“We can now clearly see what the new stadium will look like when complete – congratulations to everyone who is working on the redevelopment.” The project is on budget and scheduled for completion in spring 2022.

Operations Director for lead contractor McLaughlin & Harvey, Martin Keys, added: “This is a really important milestone for the Alexander Stadium Redevelopment project.

“Considering the challenges of COVID-19, the complex roof design, and erecting the steel over the winter months; we have been able to complete the steel on programme. It is a really exciting moment for the project and demonstrates that when we work collaboratively together as a team we can overcome difficult obstacles.”

Funding for the Alexander Stadium Redevelopment comes from three sources: Birmingham City Council (£27.4million), the Greater Birmingham and Solihull Local Enterprise Partnership (£20million) and West Midlands Combined Authority (£25million). Arup are designers for the Alexander Stadium redevelopment, covering all engineering services and architectural design, with Mace acting as project and programme managers, both appointed by Birmingham City Council.

James Watts, Associate Director at Arup, said: “Reaching this milestone is a fantastic achievement for all involved. It has been a true demonstration of proactive and collaborative working.

“Within Arup alone, our team of architects, engineers, planners and specialists have contributed more than 37 years of effort so far to help deliver what will be a wonderful sporting facility for Birmingham. With the steel frame now virtually completed, the curvature of the new stand that will become the stadium’s signature is visible for all.

“The 1,400 tonnes of steelwork has been designed, detailed and fabricated in the UK, with police escorts required for the longest components of the roof structure, which are 35 metres in length. If laid end-to-end, the steelwork would very nearly complete 50 laps of the new track. There is still a long way to go, but all involved should be proud of what has been achieved to date.”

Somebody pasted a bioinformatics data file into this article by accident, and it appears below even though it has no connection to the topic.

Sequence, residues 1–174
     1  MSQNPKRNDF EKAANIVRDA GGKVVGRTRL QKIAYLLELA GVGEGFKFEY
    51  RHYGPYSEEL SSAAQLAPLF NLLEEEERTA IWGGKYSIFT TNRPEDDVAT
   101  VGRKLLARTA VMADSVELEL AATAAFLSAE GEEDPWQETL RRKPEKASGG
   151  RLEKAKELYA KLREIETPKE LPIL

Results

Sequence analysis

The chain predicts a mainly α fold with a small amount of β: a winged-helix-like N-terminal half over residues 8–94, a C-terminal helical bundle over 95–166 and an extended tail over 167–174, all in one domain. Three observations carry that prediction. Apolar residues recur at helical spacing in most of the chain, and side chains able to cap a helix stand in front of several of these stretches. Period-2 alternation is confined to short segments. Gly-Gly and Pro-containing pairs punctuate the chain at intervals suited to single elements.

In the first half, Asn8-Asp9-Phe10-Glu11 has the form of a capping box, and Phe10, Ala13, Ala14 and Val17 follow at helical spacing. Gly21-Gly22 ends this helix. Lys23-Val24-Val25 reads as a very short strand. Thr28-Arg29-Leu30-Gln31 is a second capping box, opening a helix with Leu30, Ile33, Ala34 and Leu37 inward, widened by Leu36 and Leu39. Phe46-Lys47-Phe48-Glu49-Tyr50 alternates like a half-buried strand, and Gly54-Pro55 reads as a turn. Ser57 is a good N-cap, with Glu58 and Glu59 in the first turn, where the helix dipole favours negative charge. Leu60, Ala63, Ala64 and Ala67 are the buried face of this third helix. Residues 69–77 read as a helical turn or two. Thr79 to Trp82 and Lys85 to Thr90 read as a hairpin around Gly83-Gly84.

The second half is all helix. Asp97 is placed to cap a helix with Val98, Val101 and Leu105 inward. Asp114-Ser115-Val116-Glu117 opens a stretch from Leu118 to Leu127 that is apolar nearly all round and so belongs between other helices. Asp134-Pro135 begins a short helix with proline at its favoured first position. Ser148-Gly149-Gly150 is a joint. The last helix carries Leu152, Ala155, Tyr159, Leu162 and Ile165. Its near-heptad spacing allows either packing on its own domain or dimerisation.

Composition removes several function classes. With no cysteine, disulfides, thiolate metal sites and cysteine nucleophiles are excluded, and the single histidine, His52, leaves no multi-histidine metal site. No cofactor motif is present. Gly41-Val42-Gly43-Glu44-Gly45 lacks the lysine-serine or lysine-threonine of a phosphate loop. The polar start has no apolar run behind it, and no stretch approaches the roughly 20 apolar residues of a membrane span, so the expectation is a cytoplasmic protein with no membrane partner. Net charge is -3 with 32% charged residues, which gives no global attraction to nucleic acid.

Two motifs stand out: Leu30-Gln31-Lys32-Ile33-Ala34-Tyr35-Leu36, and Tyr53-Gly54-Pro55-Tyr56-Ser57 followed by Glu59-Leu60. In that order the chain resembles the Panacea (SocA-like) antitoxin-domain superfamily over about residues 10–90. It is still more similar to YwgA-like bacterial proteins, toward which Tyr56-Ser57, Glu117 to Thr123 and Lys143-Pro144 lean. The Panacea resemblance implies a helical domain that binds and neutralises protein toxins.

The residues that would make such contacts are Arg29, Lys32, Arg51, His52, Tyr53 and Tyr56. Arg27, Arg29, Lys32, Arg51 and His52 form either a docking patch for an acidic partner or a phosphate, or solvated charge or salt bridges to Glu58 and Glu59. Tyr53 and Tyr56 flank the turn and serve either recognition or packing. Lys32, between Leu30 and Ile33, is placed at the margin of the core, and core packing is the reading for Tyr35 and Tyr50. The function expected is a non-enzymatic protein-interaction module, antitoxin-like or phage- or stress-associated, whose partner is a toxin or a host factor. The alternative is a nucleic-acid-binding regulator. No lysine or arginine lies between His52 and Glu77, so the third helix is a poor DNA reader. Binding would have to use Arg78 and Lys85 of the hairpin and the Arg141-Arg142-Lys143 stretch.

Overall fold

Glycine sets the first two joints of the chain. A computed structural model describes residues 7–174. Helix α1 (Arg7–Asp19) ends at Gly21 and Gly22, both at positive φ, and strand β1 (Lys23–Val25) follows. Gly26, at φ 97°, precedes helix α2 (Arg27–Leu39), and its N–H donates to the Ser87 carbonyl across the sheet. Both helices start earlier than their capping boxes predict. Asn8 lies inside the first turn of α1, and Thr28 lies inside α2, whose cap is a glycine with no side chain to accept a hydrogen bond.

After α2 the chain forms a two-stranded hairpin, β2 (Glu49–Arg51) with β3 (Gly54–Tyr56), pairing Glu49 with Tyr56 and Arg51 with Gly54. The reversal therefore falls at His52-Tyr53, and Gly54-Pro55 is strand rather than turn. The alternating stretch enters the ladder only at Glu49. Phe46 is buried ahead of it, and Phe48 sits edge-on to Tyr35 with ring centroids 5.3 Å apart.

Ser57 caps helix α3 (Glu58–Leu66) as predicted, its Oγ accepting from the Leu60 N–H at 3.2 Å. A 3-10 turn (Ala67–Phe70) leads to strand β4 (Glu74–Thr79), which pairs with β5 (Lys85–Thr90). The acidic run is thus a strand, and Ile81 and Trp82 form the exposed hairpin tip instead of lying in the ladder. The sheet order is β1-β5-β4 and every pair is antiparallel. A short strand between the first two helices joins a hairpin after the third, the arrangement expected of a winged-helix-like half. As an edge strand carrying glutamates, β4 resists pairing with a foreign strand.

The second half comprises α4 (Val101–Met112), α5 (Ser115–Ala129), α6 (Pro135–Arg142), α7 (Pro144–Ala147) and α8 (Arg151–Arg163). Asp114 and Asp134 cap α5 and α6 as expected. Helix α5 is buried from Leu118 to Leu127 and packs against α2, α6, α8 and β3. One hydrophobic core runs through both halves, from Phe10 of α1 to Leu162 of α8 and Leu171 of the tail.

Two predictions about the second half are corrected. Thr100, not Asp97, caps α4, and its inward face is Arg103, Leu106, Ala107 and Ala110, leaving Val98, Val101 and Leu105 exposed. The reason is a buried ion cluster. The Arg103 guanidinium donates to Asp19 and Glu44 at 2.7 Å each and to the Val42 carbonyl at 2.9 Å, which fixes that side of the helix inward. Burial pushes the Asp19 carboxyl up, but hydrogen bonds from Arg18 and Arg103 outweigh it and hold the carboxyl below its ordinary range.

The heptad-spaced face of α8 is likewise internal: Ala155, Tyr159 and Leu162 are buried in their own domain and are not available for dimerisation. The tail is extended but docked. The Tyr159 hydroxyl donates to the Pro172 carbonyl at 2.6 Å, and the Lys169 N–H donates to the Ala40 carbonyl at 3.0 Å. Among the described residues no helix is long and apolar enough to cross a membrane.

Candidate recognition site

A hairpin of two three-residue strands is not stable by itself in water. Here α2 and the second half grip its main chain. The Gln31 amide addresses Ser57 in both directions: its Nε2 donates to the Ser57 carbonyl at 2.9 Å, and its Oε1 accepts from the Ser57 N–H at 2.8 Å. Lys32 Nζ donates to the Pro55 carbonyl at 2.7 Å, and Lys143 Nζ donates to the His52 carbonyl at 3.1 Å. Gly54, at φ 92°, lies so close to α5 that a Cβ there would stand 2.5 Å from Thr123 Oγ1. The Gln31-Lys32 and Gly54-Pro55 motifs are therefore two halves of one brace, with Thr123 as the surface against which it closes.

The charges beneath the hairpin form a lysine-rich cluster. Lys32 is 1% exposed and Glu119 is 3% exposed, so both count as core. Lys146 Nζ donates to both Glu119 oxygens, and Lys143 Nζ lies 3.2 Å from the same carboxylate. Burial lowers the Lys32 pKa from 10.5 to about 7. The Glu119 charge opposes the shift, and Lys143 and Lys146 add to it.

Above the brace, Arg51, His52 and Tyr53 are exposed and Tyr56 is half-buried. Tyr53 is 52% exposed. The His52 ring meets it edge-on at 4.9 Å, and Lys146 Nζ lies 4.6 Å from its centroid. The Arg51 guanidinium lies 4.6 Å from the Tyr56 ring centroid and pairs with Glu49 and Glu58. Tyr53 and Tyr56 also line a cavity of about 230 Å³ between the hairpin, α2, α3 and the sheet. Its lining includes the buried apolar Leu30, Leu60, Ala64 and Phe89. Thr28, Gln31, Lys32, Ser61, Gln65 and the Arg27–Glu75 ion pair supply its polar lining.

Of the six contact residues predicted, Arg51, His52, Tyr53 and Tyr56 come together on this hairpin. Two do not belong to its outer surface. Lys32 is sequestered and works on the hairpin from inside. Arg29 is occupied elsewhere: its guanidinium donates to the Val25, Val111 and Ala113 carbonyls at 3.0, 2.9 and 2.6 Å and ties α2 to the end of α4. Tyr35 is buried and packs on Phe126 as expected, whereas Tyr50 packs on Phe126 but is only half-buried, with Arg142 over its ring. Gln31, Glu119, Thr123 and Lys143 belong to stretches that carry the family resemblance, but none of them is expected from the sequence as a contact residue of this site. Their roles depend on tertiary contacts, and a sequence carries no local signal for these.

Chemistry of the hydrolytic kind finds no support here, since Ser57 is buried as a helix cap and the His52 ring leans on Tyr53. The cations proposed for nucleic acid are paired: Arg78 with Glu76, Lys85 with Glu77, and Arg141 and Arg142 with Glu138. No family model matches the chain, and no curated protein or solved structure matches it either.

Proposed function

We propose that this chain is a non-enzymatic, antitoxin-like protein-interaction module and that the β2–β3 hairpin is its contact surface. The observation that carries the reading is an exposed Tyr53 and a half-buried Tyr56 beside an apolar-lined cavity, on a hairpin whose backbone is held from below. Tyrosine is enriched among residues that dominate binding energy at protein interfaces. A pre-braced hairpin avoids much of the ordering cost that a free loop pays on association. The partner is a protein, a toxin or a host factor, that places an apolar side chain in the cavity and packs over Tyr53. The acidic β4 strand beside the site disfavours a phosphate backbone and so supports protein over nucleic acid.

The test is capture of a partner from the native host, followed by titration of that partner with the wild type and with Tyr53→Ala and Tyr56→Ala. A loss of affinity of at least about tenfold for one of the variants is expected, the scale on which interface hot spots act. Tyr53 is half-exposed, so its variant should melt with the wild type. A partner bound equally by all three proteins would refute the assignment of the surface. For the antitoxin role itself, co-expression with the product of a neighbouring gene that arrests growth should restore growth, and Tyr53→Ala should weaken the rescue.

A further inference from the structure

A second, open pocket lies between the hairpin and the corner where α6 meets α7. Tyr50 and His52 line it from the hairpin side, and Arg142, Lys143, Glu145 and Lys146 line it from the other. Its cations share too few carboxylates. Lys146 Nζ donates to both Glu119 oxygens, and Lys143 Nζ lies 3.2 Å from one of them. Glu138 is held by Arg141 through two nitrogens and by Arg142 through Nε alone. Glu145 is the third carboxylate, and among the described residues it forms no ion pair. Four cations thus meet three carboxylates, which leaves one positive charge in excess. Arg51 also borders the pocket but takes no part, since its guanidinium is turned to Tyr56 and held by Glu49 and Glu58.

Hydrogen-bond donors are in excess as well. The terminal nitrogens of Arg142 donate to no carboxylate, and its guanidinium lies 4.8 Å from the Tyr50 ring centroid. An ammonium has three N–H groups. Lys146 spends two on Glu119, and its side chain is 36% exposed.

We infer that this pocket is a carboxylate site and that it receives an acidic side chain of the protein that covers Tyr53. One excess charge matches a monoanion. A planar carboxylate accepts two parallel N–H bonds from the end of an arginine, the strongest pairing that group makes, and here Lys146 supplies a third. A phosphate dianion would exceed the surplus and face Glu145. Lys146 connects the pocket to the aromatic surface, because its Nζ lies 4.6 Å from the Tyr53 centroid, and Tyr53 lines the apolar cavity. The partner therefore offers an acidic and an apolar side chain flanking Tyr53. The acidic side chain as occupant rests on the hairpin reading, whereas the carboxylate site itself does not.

Associate Director at Mace, Paul Robertson, said: “Celebrating the final piece of steel being installed is exciting for a project which has not been without its challenges.

“This time last year we were facing the prospect of starting construction in the middle of a pandemic yet works continue on time and on budget as we move towards the 12-month on-site milestone in May this year. The team partnership and approach has been exceptional, and everyone is pulling together as we move into this next critical phase of the project.”

British Athletics has announced the athletes selected for the men’s, women’s and mixed 4x400m relay at the 2021 World Athletics Relays which are due to be held in Silesia, Poland on 1-2 May 2021.

Prior to selection, it was agreed that there will be no men’s or women’s 4x100m relay teams entered due to several factors caused by the Covid-19 pandemic. Following consultation between the respective athletes and the British Athletics Performance team, all parties agreed on this approach to the event.

Olympic relay bronze medallist Emily Diamond will be joined by multiple global relay medallist Zoey Clark and 2017 world silver medallist Laviai Nielsen in the squad.

Clark will also be reunited with Jessie Knight and Ama Pipi who were part of the silver medal-winning quartet at the European Indoor Championships in February. World Indoor and European relay bronze medallist Amy Allcock will join the squad alongside Yasmin Liverpool and Jess Turner.

The men’s team includes Olympic, world and European medallist, Martyn Rooney, and fellow London 2017 bronze medallists, Dwayne Cowan and Rabah Yousif Bkheit.